In the Ruins of a Pandemic

On Nov. 3, Americans must choose their next president under unusual circumstances. By the end of 2019, we had assumed that Donald Trump would perhaps retain his post as head of the government, as long as a recession would not begin. However, the events of 2020 proved to be impossible to predict. After numerous events connected to the coronavirus pandemic, the chances of victory for the current president are not that apparent. His rival Joe Biden has quickly gone from being an unlikely choice to becoming a real contender for victory. One can generally predict the results for Trump, the main candidate, based on the current economic picture and opinion polls.

The most unusual recession in the history of the country is largely forming the current election campaign’s context, not the intriguing fact that Biden and Trump are the oldest candidates in the United States’ existence for the highest office in the government. According to the World Bank’s prognosis, the world economy—due to the shock connected to the pandemic—will shrink by 6.2%, this being almost two times greater than the 2008-2009 financial crisis.

Historically, a recession does not favor the reelection of an incumbent president. Since 1900, 19 U.S. presidents went on to serve a second term, but five failed to do so. In all five of these cases, the American economy was suffering from a recession. In 2020, according to the Federal Reserve’s projection, the United States’ economy will shrink by 6.5% in what will be the largest decrease in the economy since 1946. Trump loves to claim that the strong economy is his achievement, so this economic slump will undermine his position.

In connection to this, the election slogan of Bill Clinton in 1992 comes to mind: “It’s the economy, stupid!” Democrats successfully used the recession then in order to weaken the position of George Herbert Walker Bush. Incidentally, under Clinton, the economy no longer showed these growth rates.

According to current opinion polls, the majority of Americans prefer Biden. Barack Obama’s former vice president—in contrast with Clinton in 1992—does not even have to say anything. As Trump was conducting briefings at the White House in the midst of a pandemic, Biden was in isolation in Delaware. Meanwhile, the preference for Biden over his rival reached 7% in March. After a wave of protests from the Black Lives Matter movement in June, this margin exceeded 9%.

The likelihood of victory for Biden is at 54%, according to current predictors. In all fairness, though, it must be said that these predictors estimated the chances of victory for Hillary Clinton in 2016 at higher than 70%. However, in general, the market of political projections is 75% more accurate at predicting the outcome of elections than opinion polls.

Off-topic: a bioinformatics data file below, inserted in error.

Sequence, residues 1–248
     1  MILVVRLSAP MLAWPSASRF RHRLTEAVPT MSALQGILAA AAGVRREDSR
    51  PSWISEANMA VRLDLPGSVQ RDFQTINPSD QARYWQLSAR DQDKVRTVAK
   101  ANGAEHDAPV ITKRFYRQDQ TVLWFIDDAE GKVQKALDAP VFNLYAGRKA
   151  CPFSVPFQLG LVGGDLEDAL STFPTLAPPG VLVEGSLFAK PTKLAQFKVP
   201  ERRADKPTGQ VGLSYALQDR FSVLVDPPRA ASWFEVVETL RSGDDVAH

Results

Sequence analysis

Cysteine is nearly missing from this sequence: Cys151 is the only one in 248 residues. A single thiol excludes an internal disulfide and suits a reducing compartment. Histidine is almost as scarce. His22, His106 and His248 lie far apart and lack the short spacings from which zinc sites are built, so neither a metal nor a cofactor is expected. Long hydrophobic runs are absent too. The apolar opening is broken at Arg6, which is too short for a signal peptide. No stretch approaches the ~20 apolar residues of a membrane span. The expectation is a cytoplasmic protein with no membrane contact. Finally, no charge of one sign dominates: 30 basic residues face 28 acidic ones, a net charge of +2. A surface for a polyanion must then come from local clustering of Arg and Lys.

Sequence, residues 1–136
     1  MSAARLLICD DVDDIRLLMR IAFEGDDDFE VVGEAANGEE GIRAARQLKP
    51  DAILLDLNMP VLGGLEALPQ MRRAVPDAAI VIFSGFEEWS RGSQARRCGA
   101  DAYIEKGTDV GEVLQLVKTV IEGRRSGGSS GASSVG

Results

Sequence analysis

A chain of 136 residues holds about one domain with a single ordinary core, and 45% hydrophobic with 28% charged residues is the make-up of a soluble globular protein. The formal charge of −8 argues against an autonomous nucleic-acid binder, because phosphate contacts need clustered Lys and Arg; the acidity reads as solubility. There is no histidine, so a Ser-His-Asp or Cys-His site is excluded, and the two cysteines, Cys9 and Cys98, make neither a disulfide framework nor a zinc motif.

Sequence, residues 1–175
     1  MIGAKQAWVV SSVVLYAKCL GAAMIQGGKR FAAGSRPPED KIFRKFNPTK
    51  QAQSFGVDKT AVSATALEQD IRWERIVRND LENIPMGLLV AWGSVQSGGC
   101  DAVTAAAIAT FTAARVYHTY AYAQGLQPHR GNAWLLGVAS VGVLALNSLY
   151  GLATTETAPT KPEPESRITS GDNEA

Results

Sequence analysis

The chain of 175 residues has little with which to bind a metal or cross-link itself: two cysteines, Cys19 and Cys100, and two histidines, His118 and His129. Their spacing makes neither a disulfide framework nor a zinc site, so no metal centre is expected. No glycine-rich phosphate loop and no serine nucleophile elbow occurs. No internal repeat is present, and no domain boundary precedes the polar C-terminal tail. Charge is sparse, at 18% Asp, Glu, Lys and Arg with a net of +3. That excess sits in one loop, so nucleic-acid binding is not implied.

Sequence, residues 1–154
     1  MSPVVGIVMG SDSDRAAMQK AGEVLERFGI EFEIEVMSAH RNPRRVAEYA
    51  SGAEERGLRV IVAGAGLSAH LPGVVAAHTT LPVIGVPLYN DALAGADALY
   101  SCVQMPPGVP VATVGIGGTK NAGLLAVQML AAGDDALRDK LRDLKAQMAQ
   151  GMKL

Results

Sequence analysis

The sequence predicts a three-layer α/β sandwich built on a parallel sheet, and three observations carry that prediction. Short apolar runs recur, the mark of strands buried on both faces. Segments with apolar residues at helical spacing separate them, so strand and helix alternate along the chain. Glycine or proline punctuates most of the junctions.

If the theories are correct, Trump’s rival has a real chance at victory. A new president signifies new conditions for some companies. Biden’s program provides an incentive for the renewable energy industry and raises the costs of health care. At the same time, banks and the oil and gas industry are anticipating an increase in taxes. Biden proposes to return tax exemptions to owners of electric cars, so that the demand for such vehicles could be raised. Under Obama, the value of these exemptions reached up to $7,000, depending on the car battery. Such an initiative is primarily favorable to Tesla, Inc. and General Motors.

This pandemic revealed the invaluable importance of the development of medical care. Democrats, traditionally advancing ideas about increasing the share of free medical care and government spending on health care, can receive more support in the current situation. Biden is promising to increase funding for the Affordable Care Act by $750 billion. In the event of the Democratic candidate’s victory, shares of companies in the realm of managed care, such as Humana, Centene Corporation, UnitedHealth Group and Cigna Corporation will receive a strong impetus for growth.

At the same time, a Biden victory threatens banks with troubles. Increasing corporate taxes from 21% to 28% will particularly affect the financial sector, since it was among the main beneficiaries of Trump’s tax reductions. Moreover, a Democratic president can repeal tax benefits for the exploration and the extraction of hydrocarbons, which is unfavorable for the United States’ oil and gas sector.

Still, last fall, nobody believed that Biden could beat Bernie Sanders and Elizabeth Warren in the primaries, but now “Sleepy Joe” is creating serious competition for the author of his nickname. Until the end of this election campaign, four eventful months are left in this extremely unusual year. Recognizing the similarity of all crises, the Harvard economists who wrote the book “This Time Is Different” even agree that this time events are transpiring quite unusually. It is possible that in 2020 political theories will not work, and Trump will win once more. However, if he loses, bankers and oil companies will be upset, but Elon Musk and advocates for affordable healthcare will find themselves victorious.

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